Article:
Take the 2-minute tour ×
Stack Overflow is a question and answer site for professional and enthusiast programmers. It's 100% free, no registration required.

I am new to Ruby. I am familiar with several other languages. My question is about calling methods out of order. For example:

def myfunction
    myfunction2
end

def myfunction2
    puts "in 2"
end

How could I call myfunction2 before it is declared? Several languages let you declare it at the top or in a .h file. How does ruby handle it?

Do I always need to follow this:

def myfunction2
    puts "in 2"
end

def myfunction
    myfunction2
end

Mainly this bugs me when I need to call another method inside of def initialize for a class.

share|improve this question

4 Answers 4

You can not call a method before you define it. However, that does not mean you can't define myfunction before myfunction2! Ruby has late binding, so the call to myfunction2 in myfunction will not be associated with the actual myfunction2 before you call myfunction. That means that as long as the first call to myfunction is done after myfunction2 is declared, you should be fine.

So, this is ok:

def myfunction
    myfunction2
end

def myfunction2
    puts "in 2"
end

myfunction

and this is not:

def myfunction
    myfunction2
end

myfunction

def myfunction2
    puts "in 2"
end
share|improve this answer
1  
Note the non-working example can be hammered into working code by adding a BEGIN statement: BEGIN {def myfunction2; puts "in 2";end}. –  steenslag May 21 '12 at 8:17
1  
@steenslag An even better approach would be to add an END statement: END{myfunction}. –  Idan Arye May 21 '12 at 16:39

The only time method order matters is in purely procedural code, and that's usually short-sighted, given two methods:

def greet
  puts "%s, Dave" % random_greeting
end
# If I try to use `greet` here, it'll raise a NoMethodError
def random_greeting
  ["Hello", "Bonjour", "Hallo"].sample
end
# I can use `greet` here, because `random_greeting` is now defiend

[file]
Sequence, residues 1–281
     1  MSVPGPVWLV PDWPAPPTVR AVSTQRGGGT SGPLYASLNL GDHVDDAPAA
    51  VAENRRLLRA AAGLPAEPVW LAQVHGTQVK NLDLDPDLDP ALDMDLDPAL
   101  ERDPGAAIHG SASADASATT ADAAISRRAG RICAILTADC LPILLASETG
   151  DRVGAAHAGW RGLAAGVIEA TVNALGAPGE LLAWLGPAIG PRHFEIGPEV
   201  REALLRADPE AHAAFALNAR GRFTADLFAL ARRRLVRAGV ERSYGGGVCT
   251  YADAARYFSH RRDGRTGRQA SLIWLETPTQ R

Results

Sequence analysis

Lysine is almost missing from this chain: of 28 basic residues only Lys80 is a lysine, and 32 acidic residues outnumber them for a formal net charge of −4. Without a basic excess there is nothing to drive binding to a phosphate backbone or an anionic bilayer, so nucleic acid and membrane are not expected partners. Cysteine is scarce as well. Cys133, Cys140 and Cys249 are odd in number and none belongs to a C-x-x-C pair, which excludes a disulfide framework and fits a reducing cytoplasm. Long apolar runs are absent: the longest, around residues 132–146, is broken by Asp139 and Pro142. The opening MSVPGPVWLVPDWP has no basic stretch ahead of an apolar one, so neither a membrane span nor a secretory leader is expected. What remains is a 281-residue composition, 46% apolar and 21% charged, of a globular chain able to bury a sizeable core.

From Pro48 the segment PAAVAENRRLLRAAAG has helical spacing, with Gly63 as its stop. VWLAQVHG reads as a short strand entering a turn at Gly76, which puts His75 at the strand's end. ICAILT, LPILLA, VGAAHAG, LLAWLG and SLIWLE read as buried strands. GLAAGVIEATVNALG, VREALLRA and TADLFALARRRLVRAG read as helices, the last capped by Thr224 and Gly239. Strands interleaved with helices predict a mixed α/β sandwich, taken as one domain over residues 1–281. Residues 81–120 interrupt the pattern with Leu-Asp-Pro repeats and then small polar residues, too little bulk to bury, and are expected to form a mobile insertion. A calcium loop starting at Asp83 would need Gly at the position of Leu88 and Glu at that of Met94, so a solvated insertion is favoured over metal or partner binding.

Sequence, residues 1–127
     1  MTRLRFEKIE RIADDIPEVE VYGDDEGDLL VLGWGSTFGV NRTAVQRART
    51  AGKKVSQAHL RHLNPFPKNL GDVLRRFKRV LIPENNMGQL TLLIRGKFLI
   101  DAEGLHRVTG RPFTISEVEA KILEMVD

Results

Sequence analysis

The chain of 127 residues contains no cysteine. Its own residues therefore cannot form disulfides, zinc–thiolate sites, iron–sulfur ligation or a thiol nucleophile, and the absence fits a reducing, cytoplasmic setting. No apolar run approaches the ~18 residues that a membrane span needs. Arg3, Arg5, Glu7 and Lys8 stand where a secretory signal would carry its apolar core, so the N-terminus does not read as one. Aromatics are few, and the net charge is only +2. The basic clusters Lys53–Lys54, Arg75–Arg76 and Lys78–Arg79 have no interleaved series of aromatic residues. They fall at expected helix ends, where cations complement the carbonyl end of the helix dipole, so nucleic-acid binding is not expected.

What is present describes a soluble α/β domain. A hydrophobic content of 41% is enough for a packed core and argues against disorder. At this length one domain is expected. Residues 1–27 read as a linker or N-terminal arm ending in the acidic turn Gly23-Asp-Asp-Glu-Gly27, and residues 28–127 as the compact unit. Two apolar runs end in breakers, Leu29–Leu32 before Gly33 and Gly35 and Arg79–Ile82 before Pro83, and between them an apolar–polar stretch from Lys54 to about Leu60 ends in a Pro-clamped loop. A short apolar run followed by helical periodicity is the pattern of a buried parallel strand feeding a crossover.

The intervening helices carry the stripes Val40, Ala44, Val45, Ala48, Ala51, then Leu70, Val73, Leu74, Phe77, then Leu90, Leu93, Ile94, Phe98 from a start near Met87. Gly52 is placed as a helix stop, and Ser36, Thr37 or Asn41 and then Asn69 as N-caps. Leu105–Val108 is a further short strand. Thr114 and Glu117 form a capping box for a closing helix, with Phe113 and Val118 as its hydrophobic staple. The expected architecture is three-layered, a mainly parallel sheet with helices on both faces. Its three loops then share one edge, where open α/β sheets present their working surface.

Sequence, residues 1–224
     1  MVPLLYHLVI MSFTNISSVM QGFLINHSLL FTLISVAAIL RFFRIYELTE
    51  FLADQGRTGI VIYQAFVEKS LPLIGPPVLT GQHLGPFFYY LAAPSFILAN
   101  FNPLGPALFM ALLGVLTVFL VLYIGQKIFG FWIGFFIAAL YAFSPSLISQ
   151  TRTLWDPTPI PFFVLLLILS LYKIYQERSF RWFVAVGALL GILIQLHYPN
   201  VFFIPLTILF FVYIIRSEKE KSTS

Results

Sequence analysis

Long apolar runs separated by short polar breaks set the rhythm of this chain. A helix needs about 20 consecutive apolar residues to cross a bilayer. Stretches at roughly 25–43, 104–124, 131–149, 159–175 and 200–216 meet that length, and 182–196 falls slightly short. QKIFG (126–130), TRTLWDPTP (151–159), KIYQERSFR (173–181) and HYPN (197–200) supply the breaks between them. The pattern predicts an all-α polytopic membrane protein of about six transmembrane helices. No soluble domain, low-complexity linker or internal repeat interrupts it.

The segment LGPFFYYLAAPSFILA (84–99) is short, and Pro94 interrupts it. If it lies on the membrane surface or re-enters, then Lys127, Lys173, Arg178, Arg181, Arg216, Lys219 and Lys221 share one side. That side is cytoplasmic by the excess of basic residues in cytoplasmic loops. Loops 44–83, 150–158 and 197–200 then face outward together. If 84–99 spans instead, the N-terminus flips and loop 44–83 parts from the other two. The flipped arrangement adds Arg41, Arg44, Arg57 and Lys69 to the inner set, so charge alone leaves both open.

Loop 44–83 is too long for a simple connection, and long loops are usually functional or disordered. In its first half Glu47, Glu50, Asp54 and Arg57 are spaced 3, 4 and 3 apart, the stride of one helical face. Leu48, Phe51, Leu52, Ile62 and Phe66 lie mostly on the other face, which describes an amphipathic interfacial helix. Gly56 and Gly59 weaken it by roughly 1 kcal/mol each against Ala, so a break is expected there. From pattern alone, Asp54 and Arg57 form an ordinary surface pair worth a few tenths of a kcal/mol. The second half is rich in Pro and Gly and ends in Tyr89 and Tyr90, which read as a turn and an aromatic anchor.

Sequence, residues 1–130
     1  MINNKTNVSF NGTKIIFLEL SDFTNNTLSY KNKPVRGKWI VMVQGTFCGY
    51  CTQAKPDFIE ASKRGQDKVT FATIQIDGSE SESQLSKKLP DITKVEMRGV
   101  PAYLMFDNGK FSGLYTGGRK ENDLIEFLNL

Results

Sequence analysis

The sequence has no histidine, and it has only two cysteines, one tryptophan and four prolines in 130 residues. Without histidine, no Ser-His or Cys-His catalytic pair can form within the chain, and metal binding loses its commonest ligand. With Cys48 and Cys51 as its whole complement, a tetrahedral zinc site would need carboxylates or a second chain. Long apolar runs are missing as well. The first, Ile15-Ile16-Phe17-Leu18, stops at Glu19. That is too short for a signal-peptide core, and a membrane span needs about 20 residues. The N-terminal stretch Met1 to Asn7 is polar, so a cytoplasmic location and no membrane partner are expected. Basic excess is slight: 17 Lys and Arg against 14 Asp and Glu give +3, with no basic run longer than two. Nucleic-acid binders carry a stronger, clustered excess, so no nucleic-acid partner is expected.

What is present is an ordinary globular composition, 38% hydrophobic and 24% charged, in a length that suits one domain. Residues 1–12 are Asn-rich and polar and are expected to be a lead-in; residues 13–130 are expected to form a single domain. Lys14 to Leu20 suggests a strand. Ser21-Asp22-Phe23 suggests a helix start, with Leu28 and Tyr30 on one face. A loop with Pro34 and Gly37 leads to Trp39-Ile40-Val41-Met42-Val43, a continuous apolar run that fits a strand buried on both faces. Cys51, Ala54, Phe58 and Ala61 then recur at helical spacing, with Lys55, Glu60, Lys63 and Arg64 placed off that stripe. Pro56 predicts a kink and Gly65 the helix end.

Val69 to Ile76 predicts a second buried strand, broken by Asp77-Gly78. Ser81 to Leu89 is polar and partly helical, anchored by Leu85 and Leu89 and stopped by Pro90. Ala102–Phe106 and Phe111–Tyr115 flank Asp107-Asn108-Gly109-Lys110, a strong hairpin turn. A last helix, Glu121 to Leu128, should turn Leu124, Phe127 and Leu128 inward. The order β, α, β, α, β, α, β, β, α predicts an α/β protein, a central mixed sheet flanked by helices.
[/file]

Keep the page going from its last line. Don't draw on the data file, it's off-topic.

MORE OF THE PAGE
This would work ok, unless you wanted to use greet before random_greeting is defined, the way that all non-trivial code solves this is to wrap the behaviour in a class:

class Doorman
  def greet
    puts "%s, Dave" % random_greeting
  end
  def random_greeting
    ["Hello", "Bonjour", "Hallo"].sample
  end
end
Doorman.new.greet

One can then greet one's guests with Doorman.new.greet, by wrapping the behaviour in a class one can model the application better (maybe different objects in your Hotel code give different greetings, for example) and it also keeps the main namespace clean.

The main object in Ruby already has 114 methods defined on it, so it's much better to put your own methods into classes which represent actors or objects in your project's model.

Further to what you said in the question about in initialize of a class, this is completely possible:

class Doorman
  def initialize
    puts "%s, I'm a new Doorman instance" & random_greeting
  end
  def greet
  "%s, Dave" % random_greeting
  end
  def random_greeting
    ["Hello", "Bonjour", "Hallo"].sample
  end
end

Even though the method random_greeting isn't defined when we write initailize, the whole class is defined before initialize is ever called. Again, by wrapping classes, this makes life easier, cleaner and means that things stay encapsulated.

share|improve this answer

Ruby is interpreted language so it don't depend on order of functions, example:

[1] pry(main)> def myfunction
[1] pry(main)*   myfunction2    
[1] pry(main)* end  
=> nil
[2] pry(main)> 
[3] pry(main)> def myfunction2
[3] pry(main)*   puts "in 2"    
[3] pry(main)* end  
=> nil
[4] pry(main)> myfunction
in 2
=> nil

Also if, for example, function calls non existing function then runtime exception will be called only if that function will be called, i. e.:

[5] pry(main)> def foo
[5] pry(main)*   blubry_starego_marycha
[5] pry(main)* end  
=> nil
[6] pry(main)> def boo
[6] pry(main)*   "bom bom bom"
[6] pry(main)* end  
=> nil
[7] pry(main)> boo
=> "bom bom bom"
[8] pry(main)> foo
NameError: undefined local variable or method `blubry_starego_marycha' for main:Object
from (pry):9:in `foo'

As you see I've declared function foo that calls nonexisting function blubry_starego_marycha and Ruby is fine with it, it raise exception only if I call foo.

share|improve this answer

You could define method in any order, the order doesn't matter anything.

share|improve this answer

Your Answer

 
discard

By posting your answer, you agree to the privacy policy and terms of service.

Not the answer you're looking for? Browse other questions tagged or ask your own question.